U.S. - A MASSIVE rainstorm drenched the US east coast from the Carolinas to Maine Thursday, causing at least five deaths, flooding roads and washing away months of dry weather. The worst of the rain fell in North Carolina, where Jacksonville picked up 300mm - nearly A QUARTER OF ITS TYPICAL ANNUAL RAINFALL - in SIX HOURS. The rain was part of a system moving ahead of the remnants of Tropical Storm Nicole, which dissipated over the Straits of Florida on Wednesday. Much of the Mid-Atlantic and Northeast were starting to move into a drought after the dry summer, and the autumn storm provided several inches of much-needed rain.

The death toll from Tropical Storm Nicole in Jamaica has risen to five following flash floods and mudslides triggered by the storm. At least seven others are missing, swept away by floodwaters. The latest victims include two men who died when a house in Kingston collapsed in a slide triggered by heavy rain on saturated ground. Nicole broke apart over the Atlantic late on Wednesday afternoon. But intermittent rains increased the risk of additional landslides across the island. Emergency workers were trying to locate at least seven missing people, most of whom were believed to have been washed away in slides that roared through Kingston shanty towns. Schools and universities stayed closed for a second day, while about 30% of those served by Jamaica's utility company were without power. (photo)


MEXICO - The number of people killed in a series of mudslides in southern Mexico has climbed to 30, officials said overnight, as a punishing rainy season continued to sow misery in the region.

AUSTRALIA - Global warming has given Australia ITS WETTEST SEPTEMBER IN MORE THAN 100 YEARS, but "extreme dry years" lie ahead. September saw an average of 49mm of rain nationwide, the highest since 41mm in 1906 and almost three times above the long-term average of 17mm a year. There was some evidence that increased levels of greenhouse gases contributed to the increased rainfall. Prevailing westerly winds were shifting southward, bringing wetter conditions. "September is normally the driest on record. "We expect to see, with increased levels of greenhouse gases, a decline in rainfall in southwest WA and increased frequency of extreme dry years like the one we've just had." Exceptional rainfall in northern and central Australia, normally dry at this time of year, pushed the average rainfall higher. The record rainfalls arose partly from a strong seasonal La Nina (cooling) event in the region. It was the wettest September on record in the NT and Queensland, and the third wettest in South Australia and Western Australia. That was despite very dry conditions in the far southwest of Western Australia.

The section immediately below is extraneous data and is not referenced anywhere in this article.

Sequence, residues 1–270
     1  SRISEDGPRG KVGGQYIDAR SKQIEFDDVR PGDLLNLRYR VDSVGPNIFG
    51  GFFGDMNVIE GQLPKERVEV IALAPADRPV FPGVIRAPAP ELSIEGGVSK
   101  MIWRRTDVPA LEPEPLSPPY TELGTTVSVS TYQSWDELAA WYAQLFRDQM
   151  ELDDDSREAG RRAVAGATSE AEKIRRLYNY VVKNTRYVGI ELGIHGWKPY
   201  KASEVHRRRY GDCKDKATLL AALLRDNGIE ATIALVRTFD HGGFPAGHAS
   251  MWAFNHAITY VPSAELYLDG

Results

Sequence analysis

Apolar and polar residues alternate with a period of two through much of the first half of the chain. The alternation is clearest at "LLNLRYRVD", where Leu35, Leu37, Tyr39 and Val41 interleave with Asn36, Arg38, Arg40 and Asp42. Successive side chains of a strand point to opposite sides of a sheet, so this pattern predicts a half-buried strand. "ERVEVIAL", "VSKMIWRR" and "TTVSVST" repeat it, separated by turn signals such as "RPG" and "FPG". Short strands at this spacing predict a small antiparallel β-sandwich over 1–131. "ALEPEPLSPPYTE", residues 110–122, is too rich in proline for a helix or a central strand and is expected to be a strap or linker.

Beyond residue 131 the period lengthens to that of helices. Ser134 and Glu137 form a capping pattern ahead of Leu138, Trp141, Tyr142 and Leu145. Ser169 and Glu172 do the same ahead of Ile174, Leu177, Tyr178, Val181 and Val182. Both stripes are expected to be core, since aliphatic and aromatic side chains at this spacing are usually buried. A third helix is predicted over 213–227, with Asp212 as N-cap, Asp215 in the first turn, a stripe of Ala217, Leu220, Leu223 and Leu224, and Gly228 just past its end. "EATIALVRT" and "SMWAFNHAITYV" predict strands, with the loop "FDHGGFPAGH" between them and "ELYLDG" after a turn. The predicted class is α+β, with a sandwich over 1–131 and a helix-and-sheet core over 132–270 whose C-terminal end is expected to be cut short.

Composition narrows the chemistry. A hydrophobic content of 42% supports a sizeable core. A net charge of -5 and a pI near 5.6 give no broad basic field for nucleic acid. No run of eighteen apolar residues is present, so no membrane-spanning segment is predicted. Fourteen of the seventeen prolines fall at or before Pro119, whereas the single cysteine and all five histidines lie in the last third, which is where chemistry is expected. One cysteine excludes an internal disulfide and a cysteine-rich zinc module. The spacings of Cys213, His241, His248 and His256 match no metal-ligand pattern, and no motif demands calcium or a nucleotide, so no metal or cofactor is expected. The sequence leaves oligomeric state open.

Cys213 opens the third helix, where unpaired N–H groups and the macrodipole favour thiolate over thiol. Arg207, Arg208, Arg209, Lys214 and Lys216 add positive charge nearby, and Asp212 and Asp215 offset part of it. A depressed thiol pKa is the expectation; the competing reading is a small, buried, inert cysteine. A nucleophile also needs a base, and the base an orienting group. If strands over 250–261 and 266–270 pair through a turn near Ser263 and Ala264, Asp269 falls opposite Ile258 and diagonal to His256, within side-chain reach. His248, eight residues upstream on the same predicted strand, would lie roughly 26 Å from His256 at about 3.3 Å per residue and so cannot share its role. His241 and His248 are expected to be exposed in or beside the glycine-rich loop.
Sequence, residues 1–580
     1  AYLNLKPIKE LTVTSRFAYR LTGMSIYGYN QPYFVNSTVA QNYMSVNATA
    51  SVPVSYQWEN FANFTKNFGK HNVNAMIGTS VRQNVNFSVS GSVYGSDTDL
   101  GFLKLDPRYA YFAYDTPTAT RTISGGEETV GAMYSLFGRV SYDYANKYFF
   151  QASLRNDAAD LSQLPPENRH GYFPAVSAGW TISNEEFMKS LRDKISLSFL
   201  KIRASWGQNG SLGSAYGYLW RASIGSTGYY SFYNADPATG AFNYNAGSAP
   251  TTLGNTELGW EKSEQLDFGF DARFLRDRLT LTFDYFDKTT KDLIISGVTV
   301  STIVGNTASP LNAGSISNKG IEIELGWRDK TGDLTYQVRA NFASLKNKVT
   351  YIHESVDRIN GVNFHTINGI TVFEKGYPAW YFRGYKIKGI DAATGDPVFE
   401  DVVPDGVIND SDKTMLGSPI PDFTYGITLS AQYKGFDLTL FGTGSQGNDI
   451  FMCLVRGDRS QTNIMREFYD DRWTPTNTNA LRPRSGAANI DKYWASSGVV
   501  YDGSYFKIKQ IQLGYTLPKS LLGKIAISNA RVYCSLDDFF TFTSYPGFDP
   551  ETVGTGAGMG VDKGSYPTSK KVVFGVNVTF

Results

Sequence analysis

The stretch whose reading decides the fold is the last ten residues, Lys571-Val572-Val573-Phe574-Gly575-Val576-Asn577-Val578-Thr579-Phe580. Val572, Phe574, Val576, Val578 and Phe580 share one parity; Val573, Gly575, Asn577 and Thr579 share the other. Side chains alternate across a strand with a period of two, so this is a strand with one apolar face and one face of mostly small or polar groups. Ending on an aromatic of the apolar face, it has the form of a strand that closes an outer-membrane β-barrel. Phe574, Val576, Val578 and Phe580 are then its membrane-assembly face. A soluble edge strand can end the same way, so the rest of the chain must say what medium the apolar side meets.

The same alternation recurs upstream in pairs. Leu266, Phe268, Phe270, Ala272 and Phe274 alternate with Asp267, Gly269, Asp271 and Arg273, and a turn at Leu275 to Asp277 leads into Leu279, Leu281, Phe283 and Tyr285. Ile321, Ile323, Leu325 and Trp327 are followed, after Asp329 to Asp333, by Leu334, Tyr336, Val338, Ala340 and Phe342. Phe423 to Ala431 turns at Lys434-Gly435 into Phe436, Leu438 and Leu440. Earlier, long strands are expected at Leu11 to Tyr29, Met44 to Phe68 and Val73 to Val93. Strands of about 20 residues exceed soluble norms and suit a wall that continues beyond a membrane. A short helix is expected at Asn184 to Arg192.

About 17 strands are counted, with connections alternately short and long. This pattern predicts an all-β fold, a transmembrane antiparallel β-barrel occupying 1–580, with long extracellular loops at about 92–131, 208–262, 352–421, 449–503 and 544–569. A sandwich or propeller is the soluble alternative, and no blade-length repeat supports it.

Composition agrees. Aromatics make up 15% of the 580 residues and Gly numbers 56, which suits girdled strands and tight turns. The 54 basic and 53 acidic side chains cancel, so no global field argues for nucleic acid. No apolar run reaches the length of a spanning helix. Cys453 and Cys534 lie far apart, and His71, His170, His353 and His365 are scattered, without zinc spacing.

[see article below] South Australia has already exceeded its average annual rainfall, making 2010 its first above-normal year since 2003. Drought-stricken Victoria largely missed out on the September deluges, however, and in 2011 the State was likely to see a 14th straight year of below-average rainfall. Victoria recorded rainfall of 500mm in the first nine months of the year, representing just over 80 per cent of its normal annual amount. This was the state's wettest start to the year since 1996. But the rainfall for the year has not been extraordinary in a historic context, with the January-September total of 552mm ranking 28th highest in the 111 years of record. For southeast Australia as a whole, it has been the wettest first nine months of the year since 1996 and the 29th highest rainfall on record.


AUSTRALIA - Residents of Perth and parts of Western Australia's southwest are allowed to use sprinklers only one day a week under a new State Government restriction. The tightening of sprinkler use follows Perth's SECOND DRIEST WINTER ON RECORD and a RECORD 18-DAY DRY SPELL in September. The long dry has left city supply dams at only 35.2 per cent full compared with 53.2 per cent full at the same time last year. The new roster will apply until November 30 and replaces the previous two-day-a-week roster. Bore owners are permitted to use their bores for three days a week and hand-watering of gardens and lawns is still allowed.
"I ask that everyone be sensible with their water use through the rest of spring and on into summer to help us manage our water supplies through a quite extraordinary time." The Perth region has experienced ITS LOWEST RUN-OFF INTO DAMS SINCE 1913. The new measures will help secure water supplies during a trying demand period leading up to the commissioning of a new desalination plant in the latter half of 2011.